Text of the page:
Employers will want to review their agreements to ensure they are appropriately tailored to comply with exceptions and are not construed as a now-banned non-compete provision. Likewise, employers will want to ensure that their agreements include appropriate “blue pencil” provisions, allowing a court to reform an agreement to make it enforceable.
Employers Must Provide Earned Sick and Safe Time
The Minnesota Legislature also passed the Earned Sick and Safe Time law, which created a universal state-run paid family and medical leave program (the 12th state to do so). This was signed into law on May 24 and will go into effect Jan. 1, 2024. The law is similar to those that have been enacted in Minneapolis, St. Paul, Duluth, and Bloomington; however there are slight differences between the state law and existing city and safe time ordinances. The new law allows for more generous benefits, meaning employers must ensure they comply with whichever provisions are more favorable to employees where both state and local sick and safe time leave laws apply.
The new law covers all employees (including part-time and temporary employees) working for their employer in Minnesota for at least 80 hours in a year (regardless of employer size). It does not cover independent contractors or certain air carrier employees (flight attendants and pilots). The leave can be used for many reasons including: the employee’s illness or need for preventative care, to care for a family member with an illness or need for medical care, and absence related to domestic abuse, sexual abuse, or to a public emergency.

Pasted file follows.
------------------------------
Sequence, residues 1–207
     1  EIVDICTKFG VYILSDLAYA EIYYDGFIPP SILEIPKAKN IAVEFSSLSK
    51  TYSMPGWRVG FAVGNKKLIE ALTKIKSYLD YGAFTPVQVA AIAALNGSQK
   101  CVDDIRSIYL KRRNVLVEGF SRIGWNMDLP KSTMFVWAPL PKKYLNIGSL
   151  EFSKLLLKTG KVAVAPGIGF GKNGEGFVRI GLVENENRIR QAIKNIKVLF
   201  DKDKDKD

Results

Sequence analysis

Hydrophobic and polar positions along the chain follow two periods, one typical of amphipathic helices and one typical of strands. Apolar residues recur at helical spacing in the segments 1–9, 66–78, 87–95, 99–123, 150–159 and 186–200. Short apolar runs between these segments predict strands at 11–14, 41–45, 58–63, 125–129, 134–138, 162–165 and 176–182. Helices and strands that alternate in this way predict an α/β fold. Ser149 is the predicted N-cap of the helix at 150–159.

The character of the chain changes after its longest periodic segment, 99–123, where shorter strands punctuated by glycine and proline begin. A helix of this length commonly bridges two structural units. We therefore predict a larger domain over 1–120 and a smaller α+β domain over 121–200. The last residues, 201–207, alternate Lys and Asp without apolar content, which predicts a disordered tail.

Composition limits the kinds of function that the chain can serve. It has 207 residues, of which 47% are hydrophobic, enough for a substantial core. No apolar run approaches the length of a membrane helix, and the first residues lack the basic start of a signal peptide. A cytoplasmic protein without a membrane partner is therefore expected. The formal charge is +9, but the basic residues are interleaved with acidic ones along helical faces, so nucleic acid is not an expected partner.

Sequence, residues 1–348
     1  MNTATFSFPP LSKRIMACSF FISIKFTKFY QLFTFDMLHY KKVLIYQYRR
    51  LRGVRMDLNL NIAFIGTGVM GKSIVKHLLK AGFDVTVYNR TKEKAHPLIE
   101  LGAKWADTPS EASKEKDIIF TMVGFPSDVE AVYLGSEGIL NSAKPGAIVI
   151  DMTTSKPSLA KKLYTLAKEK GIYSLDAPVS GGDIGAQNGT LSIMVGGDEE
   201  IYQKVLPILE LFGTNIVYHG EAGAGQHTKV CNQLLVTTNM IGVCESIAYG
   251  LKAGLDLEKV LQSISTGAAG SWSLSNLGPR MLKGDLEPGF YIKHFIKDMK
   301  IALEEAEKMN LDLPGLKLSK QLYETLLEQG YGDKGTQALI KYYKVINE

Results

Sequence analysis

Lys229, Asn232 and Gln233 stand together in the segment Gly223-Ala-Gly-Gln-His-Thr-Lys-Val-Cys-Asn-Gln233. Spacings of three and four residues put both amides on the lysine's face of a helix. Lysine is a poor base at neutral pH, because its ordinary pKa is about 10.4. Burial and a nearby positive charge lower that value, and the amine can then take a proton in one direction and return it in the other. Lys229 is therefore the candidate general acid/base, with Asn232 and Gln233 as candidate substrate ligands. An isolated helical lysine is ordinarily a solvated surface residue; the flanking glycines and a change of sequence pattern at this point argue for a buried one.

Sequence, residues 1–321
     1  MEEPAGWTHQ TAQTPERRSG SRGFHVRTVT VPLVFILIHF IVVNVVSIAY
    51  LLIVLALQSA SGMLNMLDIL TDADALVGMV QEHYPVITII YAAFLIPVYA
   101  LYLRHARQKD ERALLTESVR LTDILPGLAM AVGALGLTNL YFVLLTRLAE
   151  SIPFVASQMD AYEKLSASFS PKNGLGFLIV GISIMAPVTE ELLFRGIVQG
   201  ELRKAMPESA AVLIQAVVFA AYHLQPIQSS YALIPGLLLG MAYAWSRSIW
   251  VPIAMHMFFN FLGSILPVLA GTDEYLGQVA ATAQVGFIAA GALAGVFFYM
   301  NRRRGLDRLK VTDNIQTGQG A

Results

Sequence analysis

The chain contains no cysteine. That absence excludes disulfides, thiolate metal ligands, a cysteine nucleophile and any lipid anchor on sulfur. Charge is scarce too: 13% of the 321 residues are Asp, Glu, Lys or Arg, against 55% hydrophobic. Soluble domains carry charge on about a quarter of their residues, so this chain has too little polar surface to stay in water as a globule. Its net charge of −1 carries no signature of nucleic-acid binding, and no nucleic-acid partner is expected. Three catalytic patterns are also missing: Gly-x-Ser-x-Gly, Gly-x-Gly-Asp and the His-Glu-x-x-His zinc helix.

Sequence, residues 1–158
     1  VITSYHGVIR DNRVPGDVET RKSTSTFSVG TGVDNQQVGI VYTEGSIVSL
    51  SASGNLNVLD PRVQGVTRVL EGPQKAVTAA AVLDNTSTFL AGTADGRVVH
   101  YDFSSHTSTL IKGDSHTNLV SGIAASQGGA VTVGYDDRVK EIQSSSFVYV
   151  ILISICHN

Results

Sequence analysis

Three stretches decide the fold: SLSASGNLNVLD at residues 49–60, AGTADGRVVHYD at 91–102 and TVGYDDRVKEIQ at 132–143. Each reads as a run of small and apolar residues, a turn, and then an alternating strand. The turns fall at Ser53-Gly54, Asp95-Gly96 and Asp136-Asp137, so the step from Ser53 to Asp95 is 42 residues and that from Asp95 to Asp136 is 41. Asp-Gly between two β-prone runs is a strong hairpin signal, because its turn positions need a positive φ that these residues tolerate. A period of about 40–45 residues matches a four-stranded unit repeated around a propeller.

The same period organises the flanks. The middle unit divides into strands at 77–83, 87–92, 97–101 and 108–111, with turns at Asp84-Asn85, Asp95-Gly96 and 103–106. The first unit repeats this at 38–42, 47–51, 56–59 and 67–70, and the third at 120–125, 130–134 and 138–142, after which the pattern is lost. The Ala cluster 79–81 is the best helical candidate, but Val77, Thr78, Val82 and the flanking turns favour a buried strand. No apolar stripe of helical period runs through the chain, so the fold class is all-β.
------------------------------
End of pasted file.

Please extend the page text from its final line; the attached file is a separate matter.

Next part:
Employees must accrue a minimum of one hour of the leave for every 30 hours worked up to a minimum of 48 hours of leave annually beginning from the employee’s first day. Employers must clearly communicate to employees how the year is calculated (e.g., calendar year, employee’s work anniversary, fiscal year, etc.). Clear communication requires listing both hours accrued and used on each earnings statement (in English and the employee’s primary language), a notice about the policy as of Jan. 1, 2024, and notice in their employee handbook.
Employees must be allowed to carry over any unused earned sick and safe time (ESST) from year to year, and are entitled to accrue a maximum bank of 80 ESST hours with two exceptions. As an alternative to allowing carryover, employers may elect to: 1) grant 48 hours at the beginning of the year and pay out accrued but unused ESST at the end of the previous year, or 2) grant 80 hours of ESST at the beginning of each year, in which case employers are not required to pay out accrued and unused ESST at the end of the year.
The law also states that employers need not offer additional time off if their current PTO policy is as – or more – generous than the Minnesota law and allows time off for all covered reasons. For example, if an employer has a sick time policy that does not apply to time off in connection with incidents of domestic violence or school closures, it must extend the policy to cover such time off.